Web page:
For our Fall Music Preview, on stands tomorrow, we spoke to Alicia Keys about her upcoming album, Girl on Fire, due Nov. 27 — and she had plenty to say about the recording process, getting the tiniest member of her family in the studio, and why that title is not a reference to a certain bow-and-arrow-wielding girl warrior. Read on:
EW: Let’s start with your album title, Girl on Fire. I know that you wrote that you wanted to make a change in your life and represent a new journey and a fresh start, but is the title also influenced by The Hunger Games?
Alicia Keys: You know, the funny thing is that it’s actually not. It was such a shock when I heard about The Hunger Games — I wasn’t aware of the book at that point. And I didn’t realize that, I guess, that’s what they call the one girl. So we tried very hard to make it all work and put the song in — and to put parts of what I was developing in with the movie. Anyway, obviously it came out way too early, so the timing wasn’t right. But, no, it has nothing to do with The Hunger Games. That powerful feeling is what it’s all about.
You found success at a relatively young age, and you’re only 31 now. Why did you feel the need for a fresh start?
It came more from a personal place. And when I talk about changing, I think I mean maybe more evolution. There was just a moment in my life where I was just realizing all of these things, and they just became really clear. All of a sudden, I realized that things that I had dealt with before, or things that I thought that I wanted in my life before, or things that I thought were acceptable to me before just started to be different. I didn’t feel that same way anymore.
I think that was simply evolution and becoming more conscious and aware of who I am and what kind of life I want to have. You don’t just have to take the s— they dish out to you; you don’t have to take it. You can actually make a conscious choice to say, “You know, that’s cool, but I’m going to leave that one behind.” And there’s something very empowering about that — acknowledging how far you’ve come because of it and then being strong enough and brave enough to leave it behind. Which is not nearly as easy as I’m making it sound because it wasn’t that easy for me either.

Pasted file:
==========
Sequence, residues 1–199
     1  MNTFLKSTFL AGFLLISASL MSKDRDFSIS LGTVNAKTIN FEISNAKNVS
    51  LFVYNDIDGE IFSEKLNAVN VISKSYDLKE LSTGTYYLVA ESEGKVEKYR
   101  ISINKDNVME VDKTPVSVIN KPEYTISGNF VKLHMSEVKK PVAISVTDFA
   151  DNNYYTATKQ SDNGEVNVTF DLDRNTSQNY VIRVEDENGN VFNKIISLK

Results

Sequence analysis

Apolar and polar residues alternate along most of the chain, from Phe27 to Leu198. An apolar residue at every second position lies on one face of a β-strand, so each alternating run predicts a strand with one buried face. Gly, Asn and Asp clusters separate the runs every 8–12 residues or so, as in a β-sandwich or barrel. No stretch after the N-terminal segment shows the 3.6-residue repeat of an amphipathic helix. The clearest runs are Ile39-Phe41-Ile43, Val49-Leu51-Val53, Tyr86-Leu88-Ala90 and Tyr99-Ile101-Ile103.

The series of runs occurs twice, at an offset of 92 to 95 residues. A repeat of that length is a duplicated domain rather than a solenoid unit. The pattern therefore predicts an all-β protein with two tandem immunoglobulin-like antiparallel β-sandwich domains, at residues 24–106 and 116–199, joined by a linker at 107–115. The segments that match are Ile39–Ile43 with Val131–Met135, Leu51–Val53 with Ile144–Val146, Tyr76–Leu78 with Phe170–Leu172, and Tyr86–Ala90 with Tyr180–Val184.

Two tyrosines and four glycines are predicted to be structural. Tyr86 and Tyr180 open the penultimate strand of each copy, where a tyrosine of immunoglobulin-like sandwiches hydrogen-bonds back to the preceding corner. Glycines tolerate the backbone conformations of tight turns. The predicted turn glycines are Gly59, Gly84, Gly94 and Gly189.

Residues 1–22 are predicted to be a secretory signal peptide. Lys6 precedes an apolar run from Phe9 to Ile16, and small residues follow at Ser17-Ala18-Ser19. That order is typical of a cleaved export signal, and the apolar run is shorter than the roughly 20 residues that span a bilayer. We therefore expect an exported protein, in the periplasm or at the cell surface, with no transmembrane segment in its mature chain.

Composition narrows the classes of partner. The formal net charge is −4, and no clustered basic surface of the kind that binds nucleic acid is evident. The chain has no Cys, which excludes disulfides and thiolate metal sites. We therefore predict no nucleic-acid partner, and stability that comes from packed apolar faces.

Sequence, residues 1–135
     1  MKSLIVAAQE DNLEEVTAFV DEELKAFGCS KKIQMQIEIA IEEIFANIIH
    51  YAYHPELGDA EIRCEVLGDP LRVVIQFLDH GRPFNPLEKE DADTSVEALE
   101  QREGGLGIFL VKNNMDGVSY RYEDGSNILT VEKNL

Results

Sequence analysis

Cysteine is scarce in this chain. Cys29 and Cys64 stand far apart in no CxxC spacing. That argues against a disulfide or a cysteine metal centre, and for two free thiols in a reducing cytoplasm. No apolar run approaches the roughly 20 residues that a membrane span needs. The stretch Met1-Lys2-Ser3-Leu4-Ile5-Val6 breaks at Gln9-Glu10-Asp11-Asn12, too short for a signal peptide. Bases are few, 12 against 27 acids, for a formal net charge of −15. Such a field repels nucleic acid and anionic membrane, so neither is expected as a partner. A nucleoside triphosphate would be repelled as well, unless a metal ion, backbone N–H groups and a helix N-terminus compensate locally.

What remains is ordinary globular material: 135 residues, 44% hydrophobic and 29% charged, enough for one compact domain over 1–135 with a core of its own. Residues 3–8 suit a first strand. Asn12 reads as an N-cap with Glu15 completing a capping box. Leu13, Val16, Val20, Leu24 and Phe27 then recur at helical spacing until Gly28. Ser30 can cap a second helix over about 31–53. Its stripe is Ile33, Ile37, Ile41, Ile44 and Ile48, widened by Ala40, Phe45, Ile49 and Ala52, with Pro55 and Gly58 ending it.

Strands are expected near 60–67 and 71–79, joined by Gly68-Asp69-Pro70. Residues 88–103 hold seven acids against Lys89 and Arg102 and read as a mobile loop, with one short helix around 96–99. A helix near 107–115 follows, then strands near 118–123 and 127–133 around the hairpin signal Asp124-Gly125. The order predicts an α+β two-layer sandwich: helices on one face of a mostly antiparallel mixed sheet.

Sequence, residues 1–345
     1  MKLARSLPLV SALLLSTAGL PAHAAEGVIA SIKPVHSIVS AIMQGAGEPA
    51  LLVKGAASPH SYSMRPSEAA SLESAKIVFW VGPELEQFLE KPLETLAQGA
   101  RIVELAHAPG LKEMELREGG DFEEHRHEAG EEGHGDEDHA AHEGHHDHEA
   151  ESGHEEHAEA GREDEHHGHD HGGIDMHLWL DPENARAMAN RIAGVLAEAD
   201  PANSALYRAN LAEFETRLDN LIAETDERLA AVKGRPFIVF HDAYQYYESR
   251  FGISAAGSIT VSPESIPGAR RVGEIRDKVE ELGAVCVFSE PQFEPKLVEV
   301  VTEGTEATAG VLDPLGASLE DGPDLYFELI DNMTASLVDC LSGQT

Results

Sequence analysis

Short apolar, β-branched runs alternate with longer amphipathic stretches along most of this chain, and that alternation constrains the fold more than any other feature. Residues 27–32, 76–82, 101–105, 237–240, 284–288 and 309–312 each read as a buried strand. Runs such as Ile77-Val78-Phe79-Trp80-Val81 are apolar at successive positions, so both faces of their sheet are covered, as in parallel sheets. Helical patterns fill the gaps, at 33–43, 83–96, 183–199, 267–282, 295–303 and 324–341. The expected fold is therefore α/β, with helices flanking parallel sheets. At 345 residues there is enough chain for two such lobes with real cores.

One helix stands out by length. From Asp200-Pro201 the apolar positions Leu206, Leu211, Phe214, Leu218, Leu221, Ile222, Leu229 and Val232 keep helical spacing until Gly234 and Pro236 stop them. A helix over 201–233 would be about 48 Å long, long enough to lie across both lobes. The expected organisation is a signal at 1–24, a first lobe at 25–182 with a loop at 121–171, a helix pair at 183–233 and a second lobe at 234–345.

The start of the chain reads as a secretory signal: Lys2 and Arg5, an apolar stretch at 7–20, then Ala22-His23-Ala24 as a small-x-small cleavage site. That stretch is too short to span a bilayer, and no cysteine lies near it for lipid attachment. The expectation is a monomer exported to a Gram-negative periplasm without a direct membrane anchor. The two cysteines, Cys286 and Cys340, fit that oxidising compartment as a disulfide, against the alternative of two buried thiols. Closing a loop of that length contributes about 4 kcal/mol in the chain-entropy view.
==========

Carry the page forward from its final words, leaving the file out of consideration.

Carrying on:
Obviously, that takes a lot of time; that takes a courage that, I think, sometimes we doubt we have inside of ourselves. And so just all those discoveries made me realize that this overall claiming of what type of life I want to have is what made me change for the better.
Did any of this have to do with giving birth to your son, Egypt?
Definitely. It’s like you go through an immediate — you get an immediate perspective shift. There’s just nothing like it. And, all of a sudden, it’s like you’re a full-on f—ing grown up. It’s obviously because you’re a mom and you’re caring for another life. But it’s more than that: It’s like you have a sense of what feels right and what doesn’t feel right.
It’s so interesting how before I would literally debate and debate and debate, like, “Hmmm, should I or shouldn’t I?” Or If I had a particular choice to make, it would be like “Maybe I should…” And it’s like the debate is gone now. I know pretty instantly what it is. If I just listen to myself…you know, “Well this cuts in too much to that, and this takes away too much of that. And I just don’t feel comfortable with that, so I’m just going to let that go.” It’s just easier. There’s definitely that growing up and more consciousness of what important to me at this time and why I’ll do anything to make sure that that stay’s true.
So this will be your first grown-up record, would you say?
Yeah. It’s interesting, even as I think about it, my last record — which I’m so proud of and I loved the way we were able to do so many progressive musical things and kind of push the envelope forward for me as an artist. As an artist that’s part of what gives me excitement — pushing myself forward to a new place. So for The Element of Freedom to have done that for me, to have been able to do that with my last record, I’m so proud of it. But as I look back on it, I’m like, “Interesting, Alicia, that you chose to call this an element of freedom because, in actuality, at that point, there was only an element of it.” Now, there is far more to it. It’s kind of incredible; it’s great.